Is the cold spring killing flowers?

This past winter was one of the coldest winters are record and it seemed to be never ending. Finally after a few days of weak sunshine coming through it appears the cold snap has finally been put behind us. However what does the extra-long cold snap mean for flowers in the United Kingdom?

The chill this winter, which has resulted in the coldest April since 1917, means the flowers, trees and plants we should be seeing at this time of year have yet to appear. When one flower or plant doesn’t appear it could have a knock on effect on the whole eco-system but what is the full effect going to mean for our wildlife?

The Royal Horticultural Society’s chief horticultural adviser Guy Barter predicts that it will not have a big effect and when the flowering season begins it showed be a prolonged of bloom. Whilst the gardens of the UK are waiting for the spring and summer flowers to appear the coldness has let flowers such as daffodils and tulips keep going longer into the calendar year than normal.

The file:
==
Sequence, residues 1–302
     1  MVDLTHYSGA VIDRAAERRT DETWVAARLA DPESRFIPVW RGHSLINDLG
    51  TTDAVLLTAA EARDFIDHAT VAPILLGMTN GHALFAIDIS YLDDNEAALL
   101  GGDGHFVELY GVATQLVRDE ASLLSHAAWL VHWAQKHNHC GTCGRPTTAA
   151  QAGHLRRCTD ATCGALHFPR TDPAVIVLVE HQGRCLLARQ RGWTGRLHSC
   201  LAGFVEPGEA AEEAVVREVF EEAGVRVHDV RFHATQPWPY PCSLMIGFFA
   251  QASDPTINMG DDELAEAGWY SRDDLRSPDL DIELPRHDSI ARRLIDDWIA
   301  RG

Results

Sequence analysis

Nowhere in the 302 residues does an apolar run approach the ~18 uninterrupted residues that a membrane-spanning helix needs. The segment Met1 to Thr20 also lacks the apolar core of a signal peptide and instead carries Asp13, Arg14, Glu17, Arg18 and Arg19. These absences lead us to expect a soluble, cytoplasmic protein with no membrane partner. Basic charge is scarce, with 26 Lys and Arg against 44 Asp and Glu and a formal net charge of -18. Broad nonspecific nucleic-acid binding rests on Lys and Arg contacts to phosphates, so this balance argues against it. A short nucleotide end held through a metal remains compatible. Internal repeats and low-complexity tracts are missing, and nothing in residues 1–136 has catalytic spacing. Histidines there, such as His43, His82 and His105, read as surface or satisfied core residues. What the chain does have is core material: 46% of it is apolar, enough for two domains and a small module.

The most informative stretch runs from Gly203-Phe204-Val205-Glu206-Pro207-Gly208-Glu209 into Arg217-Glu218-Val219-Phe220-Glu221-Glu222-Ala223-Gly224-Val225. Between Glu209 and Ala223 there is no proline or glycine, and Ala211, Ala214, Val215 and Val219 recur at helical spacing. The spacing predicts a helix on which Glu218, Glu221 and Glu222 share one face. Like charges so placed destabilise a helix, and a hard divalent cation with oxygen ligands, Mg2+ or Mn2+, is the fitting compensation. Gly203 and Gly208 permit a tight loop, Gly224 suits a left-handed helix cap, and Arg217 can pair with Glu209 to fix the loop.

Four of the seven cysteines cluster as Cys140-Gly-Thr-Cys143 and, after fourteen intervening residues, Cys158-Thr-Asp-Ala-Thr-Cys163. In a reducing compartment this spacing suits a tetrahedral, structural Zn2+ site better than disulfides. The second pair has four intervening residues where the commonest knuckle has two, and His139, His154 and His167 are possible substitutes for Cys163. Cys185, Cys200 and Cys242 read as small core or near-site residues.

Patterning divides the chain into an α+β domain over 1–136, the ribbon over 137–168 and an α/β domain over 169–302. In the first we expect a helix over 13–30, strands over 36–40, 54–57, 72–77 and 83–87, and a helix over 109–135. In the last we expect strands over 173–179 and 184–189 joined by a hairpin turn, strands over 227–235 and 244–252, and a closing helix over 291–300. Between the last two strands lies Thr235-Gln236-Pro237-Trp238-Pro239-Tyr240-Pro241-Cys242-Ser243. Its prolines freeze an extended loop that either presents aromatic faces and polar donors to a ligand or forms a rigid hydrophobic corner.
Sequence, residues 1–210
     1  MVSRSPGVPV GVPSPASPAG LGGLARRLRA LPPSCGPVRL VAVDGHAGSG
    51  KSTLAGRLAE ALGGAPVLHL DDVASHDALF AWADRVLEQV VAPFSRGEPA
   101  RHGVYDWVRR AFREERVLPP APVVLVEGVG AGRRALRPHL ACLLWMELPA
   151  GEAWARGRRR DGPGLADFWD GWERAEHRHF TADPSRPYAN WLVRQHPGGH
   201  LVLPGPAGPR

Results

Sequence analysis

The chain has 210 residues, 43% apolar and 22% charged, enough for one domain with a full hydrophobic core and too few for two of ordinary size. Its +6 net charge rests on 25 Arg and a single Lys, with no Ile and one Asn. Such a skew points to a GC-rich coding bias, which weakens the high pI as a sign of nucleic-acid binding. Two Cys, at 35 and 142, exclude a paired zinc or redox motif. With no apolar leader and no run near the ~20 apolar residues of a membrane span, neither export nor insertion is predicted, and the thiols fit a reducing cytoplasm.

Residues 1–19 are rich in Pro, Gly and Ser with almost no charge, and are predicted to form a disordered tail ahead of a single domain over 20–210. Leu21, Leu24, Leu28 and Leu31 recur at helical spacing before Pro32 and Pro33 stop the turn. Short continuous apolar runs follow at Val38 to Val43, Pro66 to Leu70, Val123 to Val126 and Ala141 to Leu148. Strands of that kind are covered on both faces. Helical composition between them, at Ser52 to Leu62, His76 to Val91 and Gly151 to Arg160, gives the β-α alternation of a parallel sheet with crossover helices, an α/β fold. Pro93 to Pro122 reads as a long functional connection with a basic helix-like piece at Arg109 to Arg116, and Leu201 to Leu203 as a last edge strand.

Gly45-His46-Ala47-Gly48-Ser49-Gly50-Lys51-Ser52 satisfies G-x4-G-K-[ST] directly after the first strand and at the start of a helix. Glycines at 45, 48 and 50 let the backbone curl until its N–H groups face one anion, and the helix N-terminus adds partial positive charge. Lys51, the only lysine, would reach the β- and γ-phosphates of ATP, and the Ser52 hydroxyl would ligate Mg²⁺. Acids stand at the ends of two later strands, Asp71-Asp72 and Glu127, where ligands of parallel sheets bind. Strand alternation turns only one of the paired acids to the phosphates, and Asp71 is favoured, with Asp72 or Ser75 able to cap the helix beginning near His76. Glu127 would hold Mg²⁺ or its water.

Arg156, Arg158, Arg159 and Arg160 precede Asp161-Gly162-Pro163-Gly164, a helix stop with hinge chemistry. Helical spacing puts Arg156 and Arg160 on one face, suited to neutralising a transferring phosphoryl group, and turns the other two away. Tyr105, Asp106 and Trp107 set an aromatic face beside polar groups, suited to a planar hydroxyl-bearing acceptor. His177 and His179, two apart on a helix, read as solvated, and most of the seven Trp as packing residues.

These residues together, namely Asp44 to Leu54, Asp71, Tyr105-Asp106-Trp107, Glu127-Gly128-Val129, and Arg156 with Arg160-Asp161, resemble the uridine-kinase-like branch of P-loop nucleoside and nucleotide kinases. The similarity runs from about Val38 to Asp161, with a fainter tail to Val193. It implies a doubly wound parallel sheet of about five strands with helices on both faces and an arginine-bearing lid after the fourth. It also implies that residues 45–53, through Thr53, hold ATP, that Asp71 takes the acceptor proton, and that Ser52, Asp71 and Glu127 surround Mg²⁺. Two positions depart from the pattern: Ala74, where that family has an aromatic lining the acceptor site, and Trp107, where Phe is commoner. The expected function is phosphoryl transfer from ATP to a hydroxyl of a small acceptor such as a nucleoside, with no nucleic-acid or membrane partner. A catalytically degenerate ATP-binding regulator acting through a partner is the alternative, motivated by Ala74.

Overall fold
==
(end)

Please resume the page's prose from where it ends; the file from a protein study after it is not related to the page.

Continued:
The RHS in Devon say that the late winter flower would normally have gone by now but the cold weather has kept the flowers out and looking in fantastic form.

The hard and tough flowers of spring are starting to appear though and it is creating a bizarre scene in some gardens with the winter and spring flowers standing side by side.

The cold start to the year will mean flowers and fruit later in the year will ripen later than usual, whether this is a good or bad thing we just have to wait and see.